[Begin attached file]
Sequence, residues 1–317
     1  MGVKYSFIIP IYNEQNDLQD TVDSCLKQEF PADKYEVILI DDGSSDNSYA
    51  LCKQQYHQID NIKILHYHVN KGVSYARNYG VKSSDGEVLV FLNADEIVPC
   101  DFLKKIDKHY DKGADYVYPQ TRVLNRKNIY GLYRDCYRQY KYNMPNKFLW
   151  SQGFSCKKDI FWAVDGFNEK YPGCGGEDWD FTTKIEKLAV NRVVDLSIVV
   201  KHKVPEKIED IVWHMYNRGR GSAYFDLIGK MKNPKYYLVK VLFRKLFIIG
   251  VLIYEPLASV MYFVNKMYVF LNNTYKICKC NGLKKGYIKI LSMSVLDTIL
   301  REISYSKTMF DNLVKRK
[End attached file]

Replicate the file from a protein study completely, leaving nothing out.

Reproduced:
Sequence, residues 1–317
     1  MGVKYSFIIP IYNEQNDLQD TVDSCLKQEF PADKYEVILI DDGSSDNSYA
    51  LCKQQYHQID NIKILHYHVN KGVSYARNYG VKSSDGEVLV FLNADEIVPC
   101  DFLKKIDKHY DKGADYVYPQ TRVLNRKNIY GLYRDCYRQY KYNMPNKFLW
   151  SQGFSCKKDI FWAVDGFNEK YPGCGGEDWD FTTKIEKLAV NRVVDLSIVV
   201  KHKVPEKIED IVWHMYNRGR GSAYFDLIGK MKNPKYYLVK VLFRKLFIIG
   251  VLIYEPLASV MYFVNKMYVF LNNTYKICKC NGLKKGYIKI LSMSVLDTIL
   301  REISYSKTMF DNLVKRK